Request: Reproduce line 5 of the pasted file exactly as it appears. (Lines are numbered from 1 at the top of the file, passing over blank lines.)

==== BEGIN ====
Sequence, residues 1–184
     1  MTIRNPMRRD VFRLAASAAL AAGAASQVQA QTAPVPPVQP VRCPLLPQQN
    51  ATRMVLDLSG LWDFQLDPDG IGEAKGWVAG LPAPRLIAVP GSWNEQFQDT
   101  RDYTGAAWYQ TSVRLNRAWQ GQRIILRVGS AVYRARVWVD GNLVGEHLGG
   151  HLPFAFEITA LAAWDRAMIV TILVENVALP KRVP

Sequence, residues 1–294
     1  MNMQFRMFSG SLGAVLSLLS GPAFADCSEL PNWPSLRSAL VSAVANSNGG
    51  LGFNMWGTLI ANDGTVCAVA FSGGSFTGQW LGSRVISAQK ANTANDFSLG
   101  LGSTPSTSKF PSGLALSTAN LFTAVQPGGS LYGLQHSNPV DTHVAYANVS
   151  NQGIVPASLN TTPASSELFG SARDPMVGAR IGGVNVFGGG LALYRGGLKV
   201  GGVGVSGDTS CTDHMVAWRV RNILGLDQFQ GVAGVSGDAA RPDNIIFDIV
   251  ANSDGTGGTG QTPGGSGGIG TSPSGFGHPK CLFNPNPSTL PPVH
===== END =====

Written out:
   151  HLPFAFEITA LAAWDRAMIV TILVENVALP KRVP